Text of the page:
Could too much compassion in the welfare state hurt the very people it is supposed to help?
> How would we know ? Its never been tried….
Ed Miliband suggests that might be the case.
In a recent speech he drew on the ideas of a sociologist – Richard Sennett – who said compassion had the power to wound.
One of the Labour leader’s closest aides – the shadow minister Lord Wood – says that Sennett has made a “deep impression” on Miliband.
If the language sounds a bit academic, the reaction to Sennett’s theory at a South London woman’s group called Skills Network is anything but.
In a couple of rooms beside a railway line, women gather for training, moral support and shared childcare.
Many are single parents, some do not have permanent homes.
Most rely on the state. None trusts it.
“We are patronised by all these people that are supposed to be there for us,” says Onley.
“Anyone of official status comes to visit a family you’re almost on edge, even down to midwives after you’ve had a baby,” adds Hannah.
They are not merely sceptical of the state’s professionals, they see them as a threat.
One mother explains her experience of being visited by social workers.
“They always have a tick register in their purse and they take it out,” she says. “All these things are useless. Nothing is changing my life. In fact they’re wasting my time and their time.”
The feeling for some is not of disenchantment, but outright hostility.
Onley says: “Because you’re given something does that mean we should just lie there and take whatever you give us and don’t argue about anything or ask any questions?
“People need to be treated as equal human beings.”
Sennett blames that attitude on the way the state works. He has written: “Charity itself has the power to wound; pity can beget contempt; compassion can be intimately linked to inequality.“
> Yeah, but the biggest problem surely is not too much compassion – its not enough compassion.
Like the lack of compassion that enforces benefit sanctions that drive people to poverty and crime. Like the lack of compassion that claims that people at death’s door are fit for work.
The danger here is that the likes of Milliband (just another neo-liberal, after all) will use dodgy concepts like “too much compassion being bad for people” as a basis for more cuts.
And perhaps any sociologist who thinks “Charity itself has the power to wound; pity can beget contempt; compassion can be intimately linked to inequality”, wants to wait until they’re actually reliant on it before they start talking bollocks.
In an interview for BBC Radio 4’s the World at One programme, Wood says Labour is interested in the idea that inequality is partly about the gap in respect and power between the state, and people on the receiving end of its services and benefits.
In embracing some of Sennett’s thinking, Wood suggests Miliband intends to do things differently from the way previous Labour administrations have behaved.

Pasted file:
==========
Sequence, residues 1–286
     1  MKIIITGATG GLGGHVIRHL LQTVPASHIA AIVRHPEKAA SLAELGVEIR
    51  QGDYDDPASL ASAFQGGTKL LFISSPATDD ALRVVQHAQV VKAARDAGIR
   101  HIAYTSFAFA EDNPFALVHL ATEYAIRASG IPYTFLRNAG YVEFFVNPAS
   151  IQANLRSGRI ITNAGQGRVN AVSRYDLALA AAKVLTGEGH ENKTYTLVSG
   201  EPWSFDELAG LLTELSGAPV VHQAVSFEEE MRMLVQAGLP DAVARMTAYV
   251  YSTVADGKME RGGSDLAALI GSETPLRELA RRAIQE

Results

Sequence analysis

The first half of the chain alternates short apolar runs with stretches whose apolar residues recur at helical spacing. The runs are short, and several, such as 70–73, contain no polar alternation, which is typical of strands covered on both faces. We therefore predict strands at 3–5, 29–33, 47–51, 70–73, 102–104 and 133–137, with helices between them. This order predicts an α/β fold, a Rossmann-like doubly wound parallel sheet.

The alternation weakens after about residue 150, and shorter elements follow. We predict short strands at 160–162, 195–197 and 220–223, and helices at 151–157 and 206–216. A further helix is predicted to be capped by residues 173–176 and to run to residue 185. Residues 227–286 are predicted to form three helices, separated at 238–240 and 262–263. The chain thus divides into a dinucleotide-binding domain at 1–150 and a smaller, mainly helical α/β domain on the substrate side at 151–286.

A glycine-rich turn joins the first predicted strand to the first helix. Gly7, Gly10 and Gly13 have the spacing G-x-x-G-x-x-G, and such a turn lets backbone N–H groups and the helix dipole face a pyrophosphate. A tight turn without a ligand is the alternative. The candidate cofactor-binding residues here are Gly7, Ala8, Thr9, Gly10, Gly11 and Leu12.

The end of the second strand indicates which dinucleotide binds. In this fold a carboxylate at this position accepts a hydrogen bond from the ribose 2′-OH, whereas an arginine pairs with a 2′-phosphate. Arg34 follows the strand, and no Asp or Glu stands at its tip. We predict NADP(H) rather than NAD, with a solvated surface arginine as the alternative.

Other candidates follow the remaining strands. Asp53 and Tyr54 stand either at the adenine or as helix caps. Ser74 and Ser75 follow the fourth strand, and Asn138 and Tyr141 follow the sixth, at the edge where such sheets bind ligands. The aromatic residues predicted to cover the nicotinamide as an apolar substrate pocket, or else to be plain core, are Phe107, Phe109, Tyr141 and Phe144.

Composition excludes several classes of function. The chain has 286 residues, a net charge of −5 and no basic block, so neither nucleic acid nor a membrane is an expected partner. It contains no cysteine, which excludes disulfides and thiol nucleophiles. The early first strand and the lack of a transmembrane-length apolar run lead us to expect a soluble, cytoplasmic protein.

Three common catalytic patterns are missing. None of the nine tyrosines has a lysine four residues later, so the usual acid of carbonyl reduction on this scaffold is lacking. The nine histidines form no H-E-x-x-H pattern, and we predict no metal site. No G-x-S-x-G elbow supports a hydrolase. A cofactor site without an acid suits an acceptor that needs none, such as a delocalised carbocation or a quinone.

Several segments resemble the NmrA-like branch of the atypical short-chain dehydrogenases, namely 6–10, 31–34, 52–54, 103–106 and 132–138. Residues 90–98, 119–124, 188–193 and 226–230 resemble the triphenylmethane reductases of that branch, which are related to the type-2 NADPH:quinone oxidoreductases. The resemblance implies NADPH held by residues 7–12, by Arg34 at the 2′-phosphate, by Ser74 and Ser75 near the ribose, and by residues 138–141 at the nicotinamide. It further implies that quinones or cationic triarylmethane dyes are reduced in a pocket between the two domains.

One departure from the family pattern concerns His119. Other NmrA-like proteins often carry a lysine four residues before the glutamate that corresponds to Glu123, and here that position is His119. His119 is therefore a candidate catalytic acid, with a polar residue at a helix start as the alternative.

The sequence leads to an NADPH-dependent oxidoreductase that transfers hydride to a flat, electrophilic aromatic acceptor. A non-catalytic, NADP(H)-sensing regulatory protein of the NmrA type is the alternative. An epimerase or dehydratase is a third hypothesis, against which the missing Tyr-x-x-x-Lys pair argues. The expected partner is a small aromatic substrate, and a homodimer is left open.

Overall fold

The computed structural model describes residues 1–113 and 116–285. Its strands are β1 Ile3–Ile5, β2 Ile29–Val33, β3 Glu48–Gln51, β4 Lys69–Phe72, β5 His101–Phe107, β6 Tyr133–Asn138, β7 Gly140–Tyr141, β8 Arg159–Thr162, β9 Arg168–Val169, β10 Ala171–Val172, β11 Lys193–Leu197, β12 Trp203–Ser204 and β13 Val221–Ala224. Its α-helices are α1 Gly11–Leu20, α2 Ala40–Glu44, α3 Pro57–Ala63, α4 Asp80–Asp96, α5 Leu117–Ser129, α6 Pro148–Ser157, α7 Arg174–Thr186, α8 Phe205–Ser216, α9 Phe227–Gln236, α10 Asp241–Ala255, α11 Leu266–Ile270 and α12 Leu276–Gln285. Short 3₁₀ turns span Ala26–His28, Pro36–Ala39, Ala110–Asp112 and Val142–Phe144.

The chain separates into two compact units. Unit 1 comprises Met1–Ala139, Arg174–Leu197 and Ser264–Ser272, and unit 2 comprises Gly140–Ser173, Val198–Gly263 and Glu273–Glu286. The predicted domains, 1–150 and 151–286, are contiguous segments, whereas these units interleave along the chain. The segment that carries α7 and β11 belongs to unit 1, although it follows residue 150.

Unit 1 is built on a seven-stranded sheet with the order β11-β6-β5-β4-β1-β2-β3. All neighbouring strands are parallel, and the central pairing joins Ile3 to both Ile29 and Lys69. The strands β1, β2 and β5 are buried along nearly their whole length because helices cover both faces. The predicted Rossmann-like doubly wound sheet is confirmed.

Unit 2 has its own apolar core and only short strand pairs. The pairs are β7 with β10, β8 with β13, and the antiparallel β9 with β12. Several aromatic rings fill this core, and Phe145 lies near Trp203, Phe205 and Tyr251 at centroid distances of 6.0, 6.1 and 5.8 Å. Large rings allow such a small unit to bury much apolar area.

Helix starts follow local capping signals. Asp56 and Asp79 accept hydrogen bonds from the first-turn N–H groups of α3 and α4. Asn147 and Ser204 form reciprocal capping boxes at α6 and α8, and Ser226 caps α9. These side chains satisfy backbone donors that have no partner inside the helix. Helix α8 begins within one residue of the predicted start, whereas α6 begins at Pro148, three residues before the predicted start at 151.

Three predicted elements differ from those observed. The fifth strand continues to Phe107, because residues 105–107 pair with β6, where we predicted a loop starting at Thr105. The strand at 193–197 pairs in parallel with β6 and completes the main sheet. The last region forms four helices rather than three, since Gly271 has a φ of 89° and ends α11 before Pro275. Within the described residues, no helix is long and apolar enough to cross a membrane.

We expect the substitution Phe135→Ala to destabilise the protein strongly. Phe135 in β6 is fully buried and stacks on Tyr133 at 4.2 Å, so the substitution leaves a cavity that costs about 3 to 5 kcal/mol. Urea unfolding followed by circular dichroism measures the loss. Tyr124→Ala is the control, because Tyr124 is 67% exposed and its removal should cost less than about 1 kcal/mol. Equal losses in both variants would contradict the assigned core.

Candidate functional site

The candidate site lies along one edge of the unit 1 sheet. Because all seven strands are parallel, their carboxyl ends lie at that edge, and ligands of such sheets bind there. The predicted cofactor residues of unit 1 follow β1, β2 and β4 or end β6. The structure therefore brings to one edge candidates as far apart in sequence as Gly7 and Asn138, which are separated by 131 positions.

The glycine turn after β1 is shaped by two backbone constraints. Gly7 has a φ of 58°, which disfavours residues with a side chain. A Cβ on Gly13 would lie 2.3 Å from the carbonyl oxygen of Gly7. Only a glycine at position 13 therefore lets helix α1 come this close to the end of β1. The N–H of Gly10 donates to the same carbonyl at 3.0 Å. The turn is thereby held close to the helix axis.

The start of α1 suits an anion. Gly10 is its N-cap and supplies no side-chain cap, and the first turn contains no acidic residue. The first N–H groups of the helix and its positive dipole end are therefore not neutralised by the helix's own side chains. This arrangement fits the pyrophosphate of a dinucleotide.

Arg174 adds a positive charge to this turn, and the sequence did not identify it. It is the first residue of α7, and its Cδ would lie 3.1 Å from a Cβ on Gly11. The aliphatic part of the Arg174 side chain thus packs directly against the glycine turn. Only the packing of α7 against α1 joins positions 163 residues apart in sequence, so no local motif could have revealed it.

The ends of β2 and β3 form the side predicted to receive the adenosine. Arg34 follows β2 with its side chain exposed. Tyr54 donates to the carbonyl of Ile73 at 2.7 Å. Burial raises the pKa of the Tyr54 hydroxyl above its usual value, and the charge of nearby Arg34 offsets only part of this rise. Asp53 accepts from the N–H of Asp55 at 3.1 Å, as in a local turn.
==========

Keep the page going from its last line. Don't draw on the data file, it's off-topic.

“Here’s the difference with maybe Labour parties of before,” he says. “In addressing inequality you can’t just have a central state that adds up the ledger of who is doing well and who is doing not and just sort of reshuffle money around and ask people to fit certain categories that the government’s devised.
“You’ve got to think about shifting power back down as well as thinking about inequality in a deeper sense.”
> I’ve read that several times. It still seems to say exactly nothing…
That sounds a little like the critique of Gordon Brown’s attempts to deal with child poverty: that he was merely redistributing money to nudge people over a statistical line so they were no longer classed as impoverished.
Wood – who worked for Brown – does not repeat that criticism.
Pressed for examples of how his concerns translate into policy he highlights plans to hand control of parts of the work programme to some towns and cities and ideas about giving people more of a voice about where housing is built and how it’s allocated.
He argues that responsibility for policy needs to change so people affected by decisions feel they have a say.
Labour’s opponents will say that this is vague stuff.
The government argues it already understands the problem.
Ministers say they are changing the culture for benefit claimants, making their responsibilities clearer, and giving social housing tenants control of their own housing benefit.
Others will simply reflect that a focus on getting people off benefits and into jobs would sidestep many of these issues. With public money tight, officials would need to think carefully before skimping on the scrutiny they apply to the way funds are spent.
> If you wanted to be really radical, you could accept that the number of unemployed is around five times greater than the number of vacancies, and you will never get a quart into a pint pot.
Then, when you’ve got your head around this fact, then you might want to start thinking about where we go from here.
But until politicians can be honest enough to admit what the rest of us know – that there will always be more unemployed than jobs – then we’re never going to get anywhere.
Sennett is – unsurprisingly – pleased that Miliband embraces his thinking, but he doesn’t easily fit the mould of a “Miliband guru“.
He votes for the Green party and describes Miliband as “not a particularly charismatic politician” who may never have the chance to implement his idea.
And if Miliband does want to reshape Britain’s relationship with its welfare state, it won’t be easy.
In South London Hannah reflects on her encounters with its professionals.
“It’s almost like having the crocodile smile,” she says.
“You see all the smiley teeth and you’re waiting for the bite to come and get you.”
Source BBC News 17 April 2014